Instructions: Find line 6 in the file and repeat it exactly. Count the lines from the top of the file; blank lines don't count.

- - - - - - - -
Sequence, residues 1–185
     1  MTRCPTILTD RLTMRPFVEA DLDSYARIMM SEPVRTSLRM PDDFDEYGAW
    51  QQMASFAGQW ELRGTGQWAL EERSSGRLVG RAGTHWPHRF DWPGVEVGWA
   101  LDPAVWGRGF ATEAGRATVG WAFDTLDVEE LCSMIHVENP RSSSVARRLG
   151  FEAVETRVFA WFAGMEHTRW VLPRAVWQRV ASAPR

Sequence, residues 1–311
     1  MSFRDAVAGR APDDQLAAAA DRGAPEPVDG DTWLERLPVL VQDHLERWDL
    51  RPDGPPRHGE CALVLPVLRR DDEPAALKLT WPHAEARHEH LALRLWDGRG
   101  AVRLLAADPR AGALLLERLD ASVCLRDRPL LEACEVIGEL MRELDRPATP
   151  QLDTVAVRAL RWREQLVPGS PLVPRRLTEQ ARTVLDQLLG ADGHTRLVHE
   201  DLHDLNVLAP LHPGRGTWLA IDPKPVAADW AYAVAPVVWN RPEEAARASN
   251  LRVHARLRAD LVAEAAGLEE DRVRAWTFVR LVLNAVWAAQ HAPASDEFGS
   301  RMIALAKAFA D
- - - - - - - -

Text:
Sequence, residues 1–311